When it comes to pacifying pitta, how we eat is surprisingly important. As most people with pitta digestion know, pitta’s sharp appetite can lead to a general intolerance for skipping meals. For this reason, pitta does well to stick to a regular eating schedule and to eat at least three square meals each day. Eating at consistent times from one day to the next further helps to balance an overactive digestive fire. It is also very important to eat in a peaceful environment and to give your full attention to the act of being nourished so that your body registers satisfaction. This will help to prevent overeating, which is a common side effect of pitta’s voracious appetite. Hot, spicy foods, extremely sour foods, and overly salted foods are especially pitta provoking. And while it may be impossible to avoid all pitta-provoking foods, in a pinch, the detrimental potential of these foods can be minimized by making sure they are taken in small quantities and served with cooling herbs and spices (cilantro, coriander, cumin, fennel, mint, etc.). Lastly, if you feel the need to do a cleanse, a short fruit or juice fast (think apple or pomegranate), or a longer mono diet of kitchari can be very supportive.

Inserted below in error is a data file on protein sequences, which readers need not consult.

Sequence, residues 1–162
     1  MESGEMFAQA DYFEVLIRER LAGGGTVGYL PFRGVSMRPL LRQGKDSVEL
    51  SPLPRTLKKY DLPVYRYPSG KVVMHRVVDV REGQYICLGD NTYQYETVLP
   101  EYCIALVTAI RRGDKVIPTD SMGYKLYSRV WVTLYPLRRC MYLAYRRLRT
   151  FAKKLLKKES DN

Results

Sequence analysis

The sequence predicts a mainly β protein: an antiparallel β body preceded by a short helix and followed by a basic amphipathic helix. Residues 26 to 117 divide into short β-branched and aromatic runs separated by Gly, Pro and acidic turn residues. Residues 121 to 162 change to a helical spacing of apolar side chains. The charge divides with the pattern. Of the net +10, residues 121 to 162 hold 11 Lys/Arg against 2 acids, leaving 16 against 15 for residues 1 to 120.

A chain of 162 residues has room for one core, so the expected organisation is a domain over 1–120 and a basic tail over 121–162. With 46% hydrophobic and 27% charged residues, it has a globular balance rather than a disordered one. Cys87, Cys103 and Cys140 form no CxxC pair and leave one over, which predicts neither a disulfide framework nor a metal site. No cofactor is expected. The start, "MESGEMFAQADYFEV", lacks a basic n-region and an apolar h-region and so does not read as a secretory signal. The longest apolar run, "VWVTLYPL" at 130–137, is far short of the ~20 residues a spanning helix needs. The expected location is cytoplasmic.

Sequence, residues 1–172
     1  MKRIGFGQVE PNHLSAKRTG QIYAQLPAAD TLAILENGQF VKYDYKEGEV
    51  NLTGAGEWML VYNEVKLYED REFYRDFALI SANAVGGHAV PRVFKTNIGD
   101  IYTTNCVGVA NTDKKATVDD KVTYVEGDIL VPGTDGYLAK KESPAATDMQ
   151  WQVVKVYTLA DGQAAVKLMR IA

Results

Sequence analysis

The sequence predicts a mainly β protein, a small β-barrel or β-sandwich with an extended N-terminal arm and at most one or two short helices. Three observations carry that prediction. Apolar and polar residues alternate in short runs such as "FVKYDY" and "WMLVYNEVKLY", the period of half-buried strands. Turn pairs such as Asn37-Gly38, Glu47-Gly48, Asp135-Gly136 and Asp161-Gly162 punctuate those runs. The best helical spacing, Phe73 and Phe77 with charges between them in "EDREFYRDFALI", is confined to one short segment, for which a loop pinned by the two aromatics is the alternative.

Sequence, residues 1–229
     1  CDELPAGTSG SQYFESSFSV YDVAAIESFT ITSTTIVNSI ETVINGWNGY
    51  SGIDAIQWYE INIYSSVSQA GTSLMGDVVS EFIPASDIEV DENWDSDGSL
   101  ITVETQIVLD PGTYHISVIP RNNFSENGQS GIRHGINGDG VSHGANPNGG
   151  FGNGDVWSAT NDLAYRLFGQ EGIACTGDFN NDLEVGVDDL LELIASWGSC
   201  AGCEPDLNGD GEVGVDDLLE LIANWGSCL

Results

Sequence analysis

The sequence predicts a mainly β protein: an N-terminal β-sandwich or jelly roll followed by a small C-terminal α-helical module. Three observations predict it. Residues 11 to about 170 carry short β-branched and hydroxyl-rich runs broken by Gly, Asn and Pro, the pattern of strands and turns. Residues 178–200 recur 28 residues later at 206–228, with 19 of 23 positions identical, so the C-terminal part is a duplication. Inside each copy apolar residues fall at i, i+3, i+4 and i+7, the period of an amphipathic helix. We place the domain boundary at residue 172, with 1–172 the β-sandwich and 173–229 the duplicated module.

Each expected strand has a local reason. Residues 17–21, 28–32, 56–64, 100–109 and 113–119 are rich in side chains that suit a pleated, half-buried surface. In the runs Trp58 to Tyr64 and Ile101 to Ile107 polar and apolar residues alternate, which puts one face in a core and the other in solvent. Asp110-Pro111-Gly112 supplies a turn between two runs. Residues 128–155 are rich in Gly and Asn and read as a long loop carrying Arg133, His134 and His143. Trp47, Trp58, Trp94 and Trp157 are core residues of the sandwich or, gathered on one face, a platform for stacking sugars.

Breakfast is usually not to be skipped when pitta is elevated. Workable choices are sweet, high in carbohydrates, and yet offer sustained energy. Consider:
- A hearty fruit salad (apples, pears, red grapes, and blueberries), garnished with raisins and shredded coconut. This lighter meal will probably work better in the warmer months than in the dead of winter.
- Oatmeal made with hot milk and garnished with raisins or chopped dates, chopped almonds (soaked and peeled), ghee, and maple syrup.
- An egg white and vegetable omelet, served with avocado and whole grain toast.
Ideally, lunch is the main meal of the day, meaning it’s the largest and the most nourishing. A wide variety of appropriate grains, beans, and vegetables are great building blocks for lunch, and can be complimented with suitable meats, if you eat them. Try something like: